The Honda Civic has long had a special appeal to performance fans who want a small, affordable ride that readily can be customized. But, until just a few years ago, the real prize was out of reach for American buyers, the extreme machine of the Civic line-up, the Type R, only arriving in U.S. showrooms for the 2017 model-year.
First Drive: 2020 Honda Civic Type R
Now, with the late-arrival 2020 model, the hot hatch is getting a mid-cycle update. The changes aren’t massive, and you might initially miss some at a cursory glance, such as the larger grille meant to improve cooling. But they’re also more than just cosmetic, enhancements to the Type R’s suspension aimed at improving both performance and driving comfort.
If anything, they make the 2020 Honda Civic Type R still more of that rare breed, a car that can deliver neck-snapping acceleration and on-rails handling while still being a great everyday driver for those who can’t afford separate sets of wheels for road and track.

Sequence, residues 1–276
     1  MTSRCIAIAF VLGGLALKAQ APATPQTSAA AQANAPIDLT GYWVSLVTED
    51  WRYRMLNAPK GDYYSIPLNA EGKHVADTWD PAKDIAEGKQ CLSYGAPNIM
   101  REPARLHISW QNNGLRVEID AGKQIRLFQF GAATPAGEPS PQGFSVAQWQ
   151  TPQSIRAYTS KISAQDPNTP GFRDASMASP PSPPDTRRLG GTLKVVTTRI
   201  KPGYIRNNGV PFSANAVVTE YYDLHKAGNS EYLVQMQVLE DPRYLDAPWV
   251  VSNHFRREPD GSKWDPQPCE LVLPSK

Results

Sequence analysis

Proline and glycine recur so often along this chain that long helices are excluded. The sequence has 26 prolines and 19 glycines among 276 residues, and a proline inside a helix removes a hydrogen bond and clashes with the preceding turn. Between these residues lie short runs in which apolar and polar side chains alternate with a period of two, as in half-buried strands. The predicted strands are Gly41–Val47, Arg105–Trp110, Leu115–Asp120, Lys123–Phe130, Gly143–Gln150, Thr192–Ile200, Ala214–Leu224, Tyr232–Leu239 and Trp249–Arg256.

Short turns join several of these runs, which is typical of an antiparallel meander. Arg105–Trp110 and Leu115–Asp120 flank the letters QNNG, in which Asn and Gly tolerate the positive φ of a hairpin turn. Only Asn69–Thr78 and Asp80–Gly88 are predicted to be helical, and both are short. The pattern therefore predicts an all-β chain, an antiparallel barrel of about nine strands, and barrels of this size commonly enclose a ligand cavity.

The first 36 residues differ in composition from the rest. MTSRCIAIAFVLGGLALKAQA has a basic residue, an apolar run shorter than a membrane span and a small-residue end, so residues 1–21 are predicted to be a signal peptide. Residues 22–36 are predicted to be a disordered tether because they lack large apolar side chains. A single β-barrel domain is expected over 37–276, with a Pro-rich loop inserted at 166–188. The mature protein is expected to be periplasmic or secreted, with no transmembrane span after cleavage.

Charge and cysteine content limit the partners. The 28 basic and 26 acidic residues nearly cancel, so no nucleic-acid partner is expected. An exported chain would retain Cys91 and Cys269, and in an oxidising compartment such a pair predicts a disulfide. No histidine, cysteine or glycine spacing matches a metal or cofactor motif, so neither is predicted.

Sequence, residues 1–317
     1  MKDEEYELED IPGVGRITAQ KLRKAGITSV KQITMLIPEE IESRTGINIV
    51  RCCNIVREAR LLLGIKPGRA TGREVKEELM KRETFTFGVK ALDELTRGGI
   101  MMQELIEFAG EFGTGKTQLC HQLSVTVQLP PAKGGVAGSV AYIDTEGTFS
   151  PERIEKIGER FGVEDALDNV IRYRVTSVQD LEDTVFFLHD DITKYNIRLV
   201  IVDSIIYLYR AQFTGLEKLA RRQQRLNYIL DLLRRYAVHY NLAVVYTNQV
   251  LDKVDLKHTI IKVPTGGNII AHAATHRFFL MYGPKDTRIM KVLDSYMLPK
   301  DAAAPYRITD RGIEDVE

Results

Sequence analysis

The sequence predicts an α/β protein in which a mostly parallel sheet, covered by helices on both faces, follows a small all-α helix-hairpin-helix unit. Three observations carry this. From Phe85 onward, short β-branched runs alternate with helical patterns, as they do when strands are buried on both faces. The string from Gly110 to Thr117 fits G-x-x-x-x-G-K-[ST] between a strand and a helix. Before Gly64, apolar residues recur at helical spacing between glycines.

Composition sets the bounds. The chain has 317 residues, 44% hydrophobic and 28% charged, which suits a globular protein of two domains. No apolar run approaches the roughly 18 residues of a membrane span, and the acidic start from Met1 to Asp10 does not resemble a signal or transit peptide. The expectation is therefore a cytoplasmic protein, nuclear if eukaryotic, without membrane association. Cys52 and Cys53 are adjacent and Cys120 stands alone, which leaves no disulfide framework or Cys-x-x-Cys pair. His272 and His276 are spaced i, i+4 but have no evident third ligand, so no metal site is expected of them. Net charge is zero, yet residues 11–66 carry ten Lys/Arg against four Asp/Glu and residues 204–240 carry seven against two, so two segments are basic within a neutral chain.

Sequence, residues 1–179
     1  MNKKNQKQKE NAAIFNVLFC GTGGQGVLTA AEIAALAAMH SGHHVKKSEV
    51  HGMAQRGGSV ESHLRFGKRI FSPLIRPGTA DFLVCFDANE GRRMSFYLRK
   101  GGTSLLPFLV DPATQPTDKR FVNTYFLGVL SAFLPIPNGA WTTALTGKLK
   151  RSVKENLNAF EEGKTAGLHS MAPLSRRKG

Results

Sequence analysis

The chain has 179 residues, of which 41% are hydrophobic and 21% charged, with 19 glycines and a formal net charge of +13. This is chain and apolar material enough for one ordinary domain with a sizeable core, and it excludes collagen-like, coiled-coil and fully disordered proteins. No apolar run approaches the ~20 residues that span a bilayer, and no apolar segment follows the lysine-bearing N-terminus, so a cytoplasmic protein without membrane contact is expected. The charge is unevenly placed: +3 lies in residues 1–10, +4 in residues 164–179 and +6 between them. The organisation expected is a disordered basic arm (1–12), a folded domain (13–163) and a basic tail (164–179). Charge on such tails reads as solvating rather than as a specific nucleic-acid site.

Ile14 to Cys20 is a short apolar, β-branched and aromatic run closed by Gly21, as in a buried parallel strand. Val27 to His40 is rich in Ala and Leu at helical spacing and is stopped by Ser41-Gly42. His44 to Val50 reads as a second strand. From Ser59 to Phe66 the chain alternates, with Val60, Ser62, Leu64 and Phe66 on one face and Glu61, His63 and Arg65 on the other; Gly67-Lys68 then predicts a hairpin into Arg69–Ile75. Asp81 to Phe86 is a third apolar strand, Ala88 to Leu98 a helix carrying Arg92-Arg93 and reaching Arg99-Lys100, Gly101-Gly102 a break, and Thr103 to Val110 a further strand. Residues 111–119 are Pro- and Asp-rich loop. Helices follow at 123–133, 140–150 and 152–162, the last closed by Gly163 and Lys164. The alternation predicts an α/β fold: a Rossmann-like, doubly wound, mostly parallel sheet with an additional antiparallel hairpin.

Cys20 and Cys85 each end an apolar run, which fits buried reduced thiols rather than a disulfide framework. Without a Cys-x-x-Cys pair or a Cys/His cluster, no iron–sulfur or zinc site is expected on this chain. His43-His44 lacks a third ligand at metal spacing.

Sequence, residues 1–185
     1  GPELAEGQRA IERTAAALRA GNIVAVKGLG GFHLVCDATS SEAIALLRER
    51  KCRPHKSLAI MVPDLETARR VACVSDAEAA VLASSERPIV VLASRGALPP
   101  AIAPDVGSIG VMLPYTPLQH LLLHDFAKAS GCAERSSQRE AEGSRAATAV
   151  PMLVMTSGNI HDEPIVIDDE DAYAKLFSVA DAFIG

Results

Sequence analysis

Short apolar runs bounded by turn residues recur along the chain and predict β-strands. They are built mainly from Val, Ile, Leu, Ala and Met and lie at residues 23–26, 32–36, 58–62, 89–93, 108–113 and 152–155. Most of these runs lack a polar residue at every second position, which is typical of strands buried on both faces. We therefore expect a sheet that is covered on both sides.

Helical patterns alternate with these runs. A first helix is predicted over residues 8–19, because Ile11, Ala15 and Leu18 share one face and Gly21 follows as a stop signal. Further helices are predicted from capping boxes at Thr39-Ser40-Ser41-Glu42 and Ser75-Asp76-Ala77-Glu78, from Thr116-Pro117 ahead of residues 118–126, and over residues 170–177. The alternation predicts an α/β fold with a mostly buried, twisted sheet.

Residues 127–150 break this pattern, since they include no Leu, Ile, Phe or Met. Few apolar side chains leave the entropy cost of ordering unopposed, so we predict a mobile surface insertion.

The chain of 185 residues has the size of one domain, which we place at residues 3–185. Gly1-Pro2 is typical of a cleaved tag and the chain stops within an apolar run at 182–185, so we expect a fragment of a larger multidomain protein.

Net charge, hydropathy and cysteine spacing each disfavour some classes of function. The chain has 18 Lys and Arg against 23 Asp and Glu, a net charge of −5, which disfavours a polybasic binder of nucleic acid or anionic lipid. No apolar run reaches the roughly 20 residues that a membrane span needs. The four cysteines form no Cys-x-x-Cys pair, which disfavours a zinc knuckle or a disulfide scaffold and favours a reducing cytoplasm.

The 2020 Type R made its formal debut at the Chicago Auto Show back in the seemingly innocent, pre-pandemic days of February. The driving event originally scheduled by Honda, which was to have included some track time, was scuttled as the country went into lockdown. The Japanese automaker did find a way to deliver to TheDetroitBureau.com one of its early production models and we had the opportunity to take the hatchback for some extensive drives, among other things along the Detroit region’s most challenging driving roads, through the appropriately named town of Hell.
While we came back with a minor quibble or two, what we discovered was that while the 2020 Honda Civic Type R might technically qualify as a minor update, the changes were enough to significantly improve the car’s fun factor, boosting what Honda’s Jimmy Jenkins refers to as its “driver involvement, so that the car is one with the driver.”
From the very beginning, the Type R was meant to be pretty much the end-all-be-all of the Civic family, with a way-over-the-top design to prove it. Visually, the 2020 update doesn’t change that, especially with the massive rear wing designed to keep the hot hatch firmly planted on the road at high speeds.
For the 2020 model year the car gets new air inserts up front, a modified front spoiler meant to increase downforce and a larger grille. The key there is to bring in more cooling air, and Honda claims that under aggressive – read “track” – driving, the engine temperature is reduced by 18 degrees.